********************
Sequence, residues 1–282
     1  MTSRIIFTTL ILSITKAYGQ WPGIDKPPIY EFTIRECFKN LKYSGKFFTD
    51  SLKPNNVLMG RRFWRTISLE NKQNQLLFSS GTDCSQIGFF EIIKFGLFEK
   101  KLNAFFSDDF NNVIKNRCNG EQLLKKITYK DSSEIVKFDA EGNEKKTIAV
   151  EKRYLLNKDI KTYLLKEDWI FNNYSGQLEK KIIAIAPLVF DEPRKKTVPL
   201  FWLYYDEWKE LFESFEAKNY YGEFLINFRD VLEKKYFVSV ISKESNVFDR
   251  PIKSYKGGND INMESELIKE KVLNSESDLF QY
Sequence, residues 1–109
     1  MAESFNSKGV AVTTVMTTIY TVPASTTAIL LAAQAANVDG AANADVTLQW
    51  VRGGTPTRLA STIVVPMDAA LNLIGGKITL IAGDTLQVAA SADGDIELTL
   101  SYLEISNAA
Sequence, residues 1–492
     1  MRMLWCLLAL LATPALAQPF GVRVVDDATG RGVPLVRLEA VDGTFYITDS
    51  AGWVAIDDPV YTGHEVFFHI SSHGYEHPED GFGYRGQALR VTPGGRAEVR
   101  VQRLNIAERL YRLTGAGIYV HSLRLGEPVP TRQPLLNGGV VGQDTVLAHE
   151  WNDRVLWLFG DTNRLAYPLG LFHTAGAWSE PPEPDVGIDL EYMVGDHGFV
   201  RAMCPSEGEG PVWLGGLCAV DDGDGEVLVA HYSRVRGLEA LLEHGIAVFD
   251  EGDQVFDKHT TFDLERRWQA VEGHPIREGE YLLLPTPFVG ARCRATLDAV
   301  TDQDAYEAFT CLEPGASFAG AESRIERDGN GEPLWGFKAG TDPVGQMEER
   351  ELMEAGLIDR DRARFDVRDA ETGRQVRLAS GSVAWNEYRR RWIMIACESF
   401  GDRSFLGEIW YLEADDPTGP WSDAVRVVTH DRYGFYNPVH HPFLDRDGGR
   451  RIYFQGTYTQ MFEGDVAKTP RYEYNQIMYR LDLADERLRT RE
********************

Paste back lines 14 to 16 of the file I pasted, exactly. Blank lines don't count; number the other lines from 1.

    51  AGWVAIDDPV YTGHEVFFHI SSHGYEHPED GFGYRGQALR VTPGGRAEVR
   101  VQRLNIAERL YRLTGAGIYV HSLRLGEPVP TRQPLLNGGV VGQDTVLAHE
   151  WNDRVLWLFG DTNRLAYPLG LFHTAGAWSE PPEPDVGIDL EYMVGDHGFV